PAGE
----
Multinational Corporations and Globalization: Necessary Evils - Essay Example

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As an upsurge of interconnectedness of all parts of the world, particularly in communication and commerce, globalization has become the penultimate buzzword of the Information Age. Many experts would say that globalization has definitely subsumed the dominant theme of present and future world history…
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Multinational Corporations and Globalization: Necessary Evils
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Download file to see previous pages It describes the growing economic, political, technological, and cultural linkages that connect individuals, communities, businesses, and governments around the world. Globalization also involves the growth of multinational corporations (businesses that have operations or investments in many countries) and transnational corporations (businesses that see themselves functioning in a global marketplace). The international institutions that oversee world trade and finance play an increasingly important role in this era of globalization (Tabb, 2005). Recent protests about the issue of globalization have sparked much debate whether these changes going on within our midst are advantageous or deleterious to most people around the world. In cognizance with the need to explore the burning issues, it is but right to carefully study both sides. Most protestations point their fingers at the multinational companies which are virtually thwarting locally-operated small businesses. Could globalization go bad because of these multinational companies
Basically, worldwide globalization is important because it will benefit everyone in the world to adapt to new ideas of international cultures. Also, it helped more regions where abject poverty is prevalent and it offered more diverse economic options to other countries (Rugman, 2001). However, the presence and activities of multinational corporations in the developing world has been the subject of controversy in discussions on development policy of developing countries.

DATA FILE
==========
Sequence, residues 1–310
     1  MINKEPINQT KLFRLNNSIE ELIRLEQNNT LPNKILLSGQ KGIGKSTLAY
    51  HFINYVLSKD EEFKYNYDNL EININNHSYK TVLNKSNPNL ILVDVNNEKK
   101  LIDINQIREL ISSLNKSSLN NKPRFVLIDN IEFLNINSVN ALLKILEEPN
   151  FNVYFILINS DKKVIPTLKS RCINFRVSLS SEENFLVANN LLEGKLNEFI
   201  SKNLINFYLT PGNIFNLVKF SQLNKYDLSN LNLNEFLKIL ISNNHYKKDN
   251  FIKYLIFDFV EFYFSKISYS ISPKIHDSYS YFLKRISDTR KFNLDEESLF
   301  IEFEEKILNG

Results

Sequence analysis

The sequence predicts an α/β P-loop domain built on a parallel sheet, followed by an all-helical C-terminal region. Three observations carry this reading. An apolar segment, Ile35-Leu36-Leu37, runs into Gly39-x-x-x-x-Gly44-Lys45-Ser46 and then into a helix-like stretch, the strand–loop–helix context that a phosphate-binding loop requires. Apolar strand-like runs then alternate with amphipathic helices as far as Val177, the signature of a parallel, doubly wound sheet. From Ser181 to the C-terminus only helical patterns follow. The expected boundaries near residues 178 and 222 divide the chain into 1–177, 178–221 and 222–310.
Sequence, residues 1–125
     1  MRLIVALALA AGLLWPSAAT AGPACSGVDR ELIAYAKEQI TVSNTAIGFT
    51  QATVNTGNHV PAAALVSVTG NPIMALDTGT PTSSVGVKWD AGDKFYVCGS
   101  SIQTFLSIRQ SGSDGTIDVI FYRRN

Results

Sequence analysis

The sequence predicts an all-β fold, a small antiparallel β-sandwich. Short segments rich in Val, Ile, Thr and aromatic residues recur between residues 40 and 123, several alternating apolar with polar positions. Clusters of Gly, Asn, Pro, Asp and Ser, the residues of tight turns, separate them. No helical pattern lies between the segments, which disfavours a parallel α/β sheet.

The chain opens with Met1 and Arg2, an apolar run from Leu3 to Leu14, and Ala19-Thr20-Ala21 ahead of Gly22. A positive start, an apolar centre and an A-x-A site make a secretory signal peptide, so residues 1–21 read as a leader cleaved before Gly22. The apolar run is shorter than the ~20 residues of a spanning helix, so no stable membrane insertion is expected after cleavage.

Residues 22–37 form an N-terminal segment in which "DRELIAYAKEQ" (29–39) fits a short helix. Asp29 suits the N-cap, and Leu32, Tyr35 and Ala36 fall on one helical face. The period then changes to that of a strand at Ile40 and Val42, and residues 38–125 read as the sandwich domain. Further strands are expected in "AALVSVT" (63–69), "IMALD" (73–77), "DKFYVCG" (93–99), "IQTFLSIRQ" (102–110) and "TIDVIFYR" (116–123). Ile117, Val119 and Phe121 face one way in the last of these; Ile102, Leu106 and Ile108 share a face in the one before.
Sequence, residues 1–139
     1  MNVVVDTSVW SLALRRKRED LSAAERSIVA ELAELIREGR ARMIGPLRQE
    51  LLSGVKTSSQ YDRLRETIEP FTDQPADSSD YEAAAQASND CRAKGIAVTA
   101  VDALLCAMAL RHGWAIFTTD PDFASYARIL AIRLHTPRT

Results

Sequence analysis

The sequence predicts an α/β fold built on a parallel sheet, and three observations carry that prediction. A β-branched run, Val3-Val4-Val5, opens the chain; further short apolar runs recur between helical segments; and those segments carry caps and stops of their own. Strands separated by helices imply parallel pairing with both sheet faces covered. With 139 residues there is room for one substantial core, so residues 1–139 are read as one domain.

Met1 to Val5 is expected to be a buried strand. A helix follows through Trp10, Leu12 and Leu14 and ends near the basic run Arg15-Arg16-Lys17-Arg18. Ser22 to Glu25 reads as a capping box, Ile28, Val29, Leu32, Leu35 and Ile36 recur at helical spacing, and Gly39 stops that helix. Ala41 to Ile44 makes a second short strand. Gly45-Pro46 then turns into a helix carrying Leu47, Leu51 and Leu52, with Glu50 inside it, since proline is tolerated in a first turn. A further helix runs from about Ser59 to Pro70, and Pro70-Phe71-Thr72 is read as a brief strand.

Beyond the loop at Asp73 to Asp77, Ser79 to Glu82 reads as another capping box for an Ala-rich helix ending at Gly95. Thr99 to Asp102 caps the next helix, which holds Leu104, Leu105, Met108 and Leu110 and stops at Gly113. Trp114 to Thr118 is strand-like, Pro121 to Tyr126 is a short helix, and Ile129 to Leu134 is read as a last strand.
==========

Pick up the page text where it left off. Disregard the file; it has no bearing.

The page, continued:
The anti-globalization movement concentrates the quest to combat the globalization of corporate economic activity and the free trade with developing nations. Anti-globalizationists are sometimes perceived to be marginalized by mainstream media and governments because of their strongly anti-business views. Activists claim that most media across the world are owned by wealthy individuals or large corporations, who therefore have conflicting interests with the activists (Wikipedia Website). They often accuse multinational companies of slowly killing small business enterprise by making goods and services cheaper that most of these small businesses could muster.
Barbara Epstein (2001) asserts in her article that the main target of the anti-globalization movement is corporate power, not capitalism. However, these perspectives do not necessarily exclude one another. Some activists want regulation of the corporations, forcing them to comply with human and environmental rights; while other activists want corporations abolished. These aims are not necessarily incompatible. Depending on how one defines the limitations to be imposed on corporations, the line between regulation and abolition can evaporate. Members of the anti-globalization movement generally advocate socialist or social democratic alternatives to capitalist economics, and seek to protect the world's population and ecosystem from what they believe to be the damaging effects of globalization. Many of the protesters are veterans of single-issue campaigns, including anti-logging activism, living wage, labor union organizing, and anti-sweatshop campaigns. Although movement members see most or all of the aforementioned goals as complementary to one another, the number of different issues they tackle has been a point of annoyance for the people they are protesting ...Download file to see next pagesRead More
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